A friend asked me for a specialized bracket for a backgammon tourney he’s running soon. He wants a 128 bracket that’s a full double elimination with a progressive consolation as a third bracket. There’s an unexpectedly nice one available.
Most backgammon tourneys do not attempt double elimination – it simply takes too long to play. But a few, especially among those played on longer, holiday weekends do.
I recalled from earlier work that there’s a remarkable “super shift” that squeezes an extra round out of the second bracket in a 128DE, and also scores well on fairness. But what happens when you need a third bracket? In every other case, adding a third bracket to a shifted bracket necessitated some pretty ugly compromises.
In this particular case, however, there’s something astonishingly nice: 128SSthirdA. Unlike any other third bracket I’ve ever drawn, it is a strictly progressive consolation, with no split or overlapping round drops. What’s more, it avoids rematches entirely for the first three rounds of the consolation, and they’re infrequent after that.
3 thoughts on “128’s the Charm”
As I’ve said before, I’m interested in seeing how a 256 double-elimination could work.
The main advantage 256 has over 128 is that 256 is a power of 16, so no consolidation rounds are necessary until after the winners’ bracket final has been played. The sole H drop goes into losers’ quarterfinals, joining the seven entrants already there.
Hmmm. A.B.C.D.E.F.G.H.|.|.|.X. That is a remarkably clean design. A 256 in only 13 rounds (unless you insist on a recharge, which I expect will be shown to be counterproductive), saving a full 3 rounds over an entirely unshifted 256DE: A.B.|.C.|.D.|.E.|.F.|.G.|.H.X.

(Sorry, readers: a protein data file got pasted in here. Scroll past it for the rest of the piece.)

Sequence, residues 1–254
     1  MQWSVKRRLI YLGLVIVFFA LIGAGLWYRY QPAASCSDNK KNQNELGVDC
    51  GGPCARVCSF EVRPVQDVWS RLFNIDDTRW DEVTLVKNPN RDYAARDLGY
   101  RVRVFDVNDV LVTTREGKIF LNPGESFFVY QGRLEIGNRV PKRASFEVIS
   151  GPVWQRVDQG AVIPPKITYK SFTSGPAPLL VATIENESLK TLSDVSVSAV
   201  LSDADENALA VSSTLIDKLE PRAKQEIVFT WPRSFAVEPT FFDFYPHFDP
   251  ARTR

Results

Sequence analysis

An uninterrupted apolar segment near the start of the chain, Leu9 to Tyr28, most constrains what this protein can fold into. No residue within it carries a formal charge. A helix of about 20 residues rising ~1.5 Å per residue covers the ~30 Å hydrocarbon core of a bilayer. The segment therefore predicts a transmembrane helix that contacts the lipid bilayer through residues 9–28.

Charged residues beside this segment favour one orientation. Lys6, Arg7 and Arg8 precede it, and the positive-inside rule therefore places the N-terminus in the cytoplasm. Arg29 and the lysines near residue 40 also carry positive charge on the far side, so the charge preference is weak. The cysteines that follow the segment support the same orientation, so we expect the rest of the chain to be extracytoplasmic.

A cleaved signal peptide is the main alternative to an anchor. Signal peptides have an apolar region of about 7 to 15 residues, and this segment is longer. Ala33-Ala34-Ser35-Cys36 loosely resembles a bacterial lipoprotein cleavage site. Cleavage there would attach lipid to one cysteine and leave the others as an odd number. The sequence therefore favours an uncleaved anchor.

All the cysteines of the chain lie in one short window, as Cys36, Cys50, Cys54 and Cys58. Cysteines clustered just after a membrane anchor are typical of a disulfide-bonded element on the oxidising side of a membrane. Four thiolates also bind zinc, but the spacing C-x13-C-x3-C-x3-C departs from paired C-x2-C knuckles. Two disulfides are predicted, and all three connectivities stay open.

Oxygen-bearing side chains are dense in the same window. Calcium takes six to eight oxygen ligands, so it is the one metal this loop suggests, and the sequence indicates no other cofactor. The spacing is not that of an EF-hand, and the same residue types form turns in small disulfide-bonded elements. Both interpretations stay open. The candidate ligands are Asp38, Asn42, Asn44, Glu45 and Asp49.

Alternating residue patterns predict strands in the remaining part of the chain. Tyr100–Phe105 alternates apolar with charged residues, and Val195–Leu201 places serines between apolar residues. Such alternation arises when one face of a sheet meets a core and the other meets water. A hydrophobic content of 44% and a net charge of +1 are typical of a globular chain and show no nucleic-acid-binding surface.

I’ve never been asked for a bracket that big, but it’s worth looking into. I’ll test it as soon as I get done with my current project, which is trying to optimize a 96DE with consolation.
I’m guessing that it will work best for relatively high-luck games. If there were a high level of skill progression, I expect that lonely H drop will feel a bit ill-used to drop all the way to the loser’s quarterfinals. It might be interesting to determine the luck factor at which the triple shift loses its fairness (C) advantage over the unshifted version.
Yeah, when you have a 3-Round Bye, you might as well give a prize to the guy who wins the Winner’s Bracket, (I’m talking Trophy and non-monitaries, not just a bit of the pot,) like Hogsback for the Ottawa Bonspiel, and a similar (perhaps reduced value) prize for winning the Loser’s Bracket, with the Championship just awarding a sizable infusion of cash/gift card. A 3-round rest has the possibility of the rest generating “rust”; i.e. taking the WB out of “game mode” sufficiently for the LB to have an “edge” even though they played every round and likely the fatigue from doing so.